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Dispute resolution

Executors and administrators (if the deceased died without a will) have a legal duty to administer the deceased’s estate to ensure all debts are paid and the net estate then distributed to beneficiaries in accordance with the deceased’s will or the rules of intestacy if there was no will. These steps should be carried out diligently and within a reasonable period of time.

If the executors or administrators are not carrying out their duties expeditiously or there is some other concern regarding their handling of the administration of the estate, any beneficiary or interested party can make an application to court seeking the removal of the executors or administrators. If granted, alternative executors or administrators, often of a professional nature but not always, will then be appointed by the court.

Any order made in this regard will usually include provision that the outgoing executors or administrators deliver up to the incoming executors or administrators all the estate’s papers and funds to enable them to conclude the administration of the estate.

But what happens if having obtained such an order the outgoing executors or administrators fail to comply with the same? Well this was the situation which the court had to consider in the recent case of Frejek V Frejek [2020].

Facts of the case

The claimant, Andrew Frejek and the two defendants were brothers and sister. They were the three children of Brenda Frejek who died on 10 April 2009. Stephen Frejek, the first defendant was appointed executor of his late mother’s estate but by June 2017 little, if anything, had been done by him as regards the administration of the estate. Andrew therefore made an application to remove him as executor seeking an order that he be appointed executor in Stephen’s place. Andrew’s application was granted at a hearing on 19 June 2017.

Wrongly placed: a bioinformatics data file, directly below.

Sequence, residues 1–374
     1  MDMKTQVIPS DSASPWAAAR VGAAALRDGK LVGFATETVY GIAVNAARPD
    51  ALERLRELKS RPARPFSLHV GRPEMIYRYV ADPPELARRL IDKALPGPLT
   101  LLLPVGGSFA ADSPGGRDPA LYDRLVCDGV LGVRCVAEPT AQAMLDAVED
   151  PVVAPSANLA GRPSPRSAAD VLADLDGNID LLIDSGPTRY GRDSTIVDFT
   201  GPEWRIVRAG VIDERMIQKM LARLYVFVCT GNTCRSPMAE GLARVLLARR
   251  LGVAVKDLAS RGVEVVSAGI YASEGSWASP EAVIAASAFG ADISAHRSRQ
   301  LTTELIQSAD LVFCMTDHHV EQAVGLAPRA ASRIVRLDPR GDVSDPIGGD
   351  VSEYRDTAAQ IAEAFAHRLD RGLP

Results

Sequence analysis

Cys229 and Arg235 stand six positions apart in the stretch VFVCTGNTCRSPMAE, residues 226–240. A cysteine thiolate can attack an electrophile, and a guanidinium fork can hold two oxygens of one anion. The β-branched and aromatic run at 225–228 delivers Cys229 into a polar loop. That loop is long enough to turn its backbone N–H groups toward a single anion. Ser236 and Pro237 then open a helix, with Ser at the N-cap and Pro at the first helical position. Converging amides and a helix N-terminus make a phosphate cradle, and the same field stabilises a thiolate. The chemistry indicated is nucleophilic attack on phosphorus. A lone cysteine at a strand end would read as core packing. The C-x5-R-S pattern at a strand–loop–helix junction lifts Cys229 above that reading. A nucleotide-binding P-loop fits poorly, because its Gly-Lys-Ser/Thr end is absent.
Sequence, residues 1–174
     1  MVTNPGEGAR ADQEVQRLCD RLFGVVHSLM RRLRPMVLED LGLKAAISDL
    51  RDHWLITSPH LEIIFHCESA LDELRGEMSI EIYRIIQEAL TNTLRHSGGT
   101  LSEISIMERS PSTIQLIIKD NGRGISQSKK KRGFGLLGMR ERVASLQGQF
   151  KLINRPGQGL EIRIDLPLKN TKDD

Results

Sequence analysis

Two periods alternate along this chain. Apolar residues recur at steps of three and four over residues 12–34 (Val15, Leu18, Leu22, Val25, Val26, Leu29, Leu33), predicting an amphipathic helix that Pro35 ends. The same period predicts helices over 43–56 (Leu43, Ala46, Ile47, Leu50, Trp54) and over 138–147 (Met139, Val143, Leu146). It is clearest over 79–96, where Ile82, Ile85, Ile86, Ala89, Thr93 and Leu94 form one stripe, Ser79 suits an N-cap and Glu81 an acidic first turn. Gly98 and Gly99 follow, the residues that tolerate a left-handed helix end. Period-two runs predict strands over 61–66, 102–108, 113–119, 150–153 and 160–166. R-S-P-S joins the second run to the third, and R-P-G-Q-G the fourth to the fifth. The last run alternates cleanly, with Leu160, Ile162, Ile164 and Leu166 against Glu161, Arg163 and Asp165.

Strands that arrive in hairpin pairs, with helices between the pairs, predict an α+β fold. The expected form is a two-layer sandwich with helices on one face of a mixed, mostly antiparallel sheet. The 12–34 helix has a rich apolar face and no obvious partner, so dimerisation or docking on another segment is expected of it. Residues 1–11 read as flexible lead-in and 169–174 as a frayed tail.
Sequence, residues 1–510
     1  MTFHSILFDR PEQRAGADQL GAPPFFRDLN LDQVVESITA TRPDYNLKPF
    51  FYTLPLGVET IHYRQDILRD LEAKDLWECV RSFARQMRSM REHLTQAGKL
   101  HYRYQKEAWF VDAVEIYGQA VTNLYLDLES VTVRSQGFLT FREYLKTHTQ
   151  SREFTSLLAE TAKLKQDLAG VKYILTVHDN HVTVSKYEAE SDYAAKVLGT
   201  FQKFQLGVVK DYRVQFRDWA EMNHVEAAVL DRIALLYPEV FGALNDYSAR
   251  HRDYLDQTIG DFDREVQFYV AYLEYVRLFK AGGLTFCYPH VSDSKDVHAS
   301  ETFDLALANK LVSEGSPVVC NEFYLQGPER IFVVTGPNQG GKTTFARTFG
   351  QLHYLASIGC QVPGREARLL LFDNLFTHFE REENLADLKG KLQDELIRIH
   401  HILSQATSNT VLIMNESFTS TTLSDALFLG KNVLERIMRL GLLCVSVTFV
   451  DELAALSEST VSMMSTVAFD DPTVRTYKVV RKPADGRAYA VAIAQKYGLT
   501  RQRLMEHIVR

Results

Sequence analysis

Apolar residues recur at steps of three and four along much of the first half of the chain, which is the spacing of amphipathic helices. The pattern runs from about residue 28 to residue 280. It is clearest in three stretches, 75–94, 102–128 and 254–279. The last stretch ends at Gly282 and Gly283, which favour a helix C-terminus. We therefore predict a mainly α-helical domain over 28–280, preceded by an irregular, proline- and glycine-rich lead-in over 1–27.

Order to remove executor

The June 2017 order included directions that Stephen be required to transfer all of the estate’s papers and funds to Andrew. Stephen was also required to make an affidavit exhibiting the estate accounts and providing an inventory of the estate’s assets. Stephen did neither of those things. Accordingly, Andrew sought a mandatory order seeking Stephen’s compliance. That order was granted in December 2018. It reiterated Stephen’s obligations to deliver up the estate’s papers and funds and included additional provisions that he provide further information and documentation. Crucially, as a mandatory order it included a penal notice compelling Stephen’s compliance within 28 days or in contempt of court and at risk of criminal sanctions including a fine and/or imprisonment.

Committal application

By February 2019 Stephen had still not complied with the order and so Andrew issued a committal application.
For various reasons that application did not come before the court until May 2020. By that stage, Stephen had still not complied with the terms of the order. Indeed, he had failed to respond or engage in any way with any aspect of the court process.

The matter came before Mr Justice Roth. Applying the criminal standard burden of proof of beyond all reasonable doubt he held Stephen in contempt of court in respect of his failure to comply with each of the terms of the December 2018 order. Accordingly, he ordered that a bench warrant be issued immediately for Stephen’s arrest so that he could be brought before the court for the purpose of sentencing.

The outcome of the sentencing hearing has not been published but in view of Stephen’s blatant refusal to comply with the court’s orders there must be a very real risk that any sentence will be custodial in nature. At the very least he is likely facing a substantial court file.


This case is a cautionary tale to all executors and administrators and serves as a useful reminder of the importance of ensuring compliance with their legal obligations to ensure that the administration of estates is dealt with efficiently and in a reasonable period of time.

Consistent with our policy when giving comment and advice on a non-specific basis, we cannot assume legal responsibility for the accuracy of any particular statement. In the case of specific problems we recommend that professional advice be sought.


Get in touch

If you have any questions relating to this article or have any legal disputes you would like to discuss, please contact Ally Tow on [email protected]

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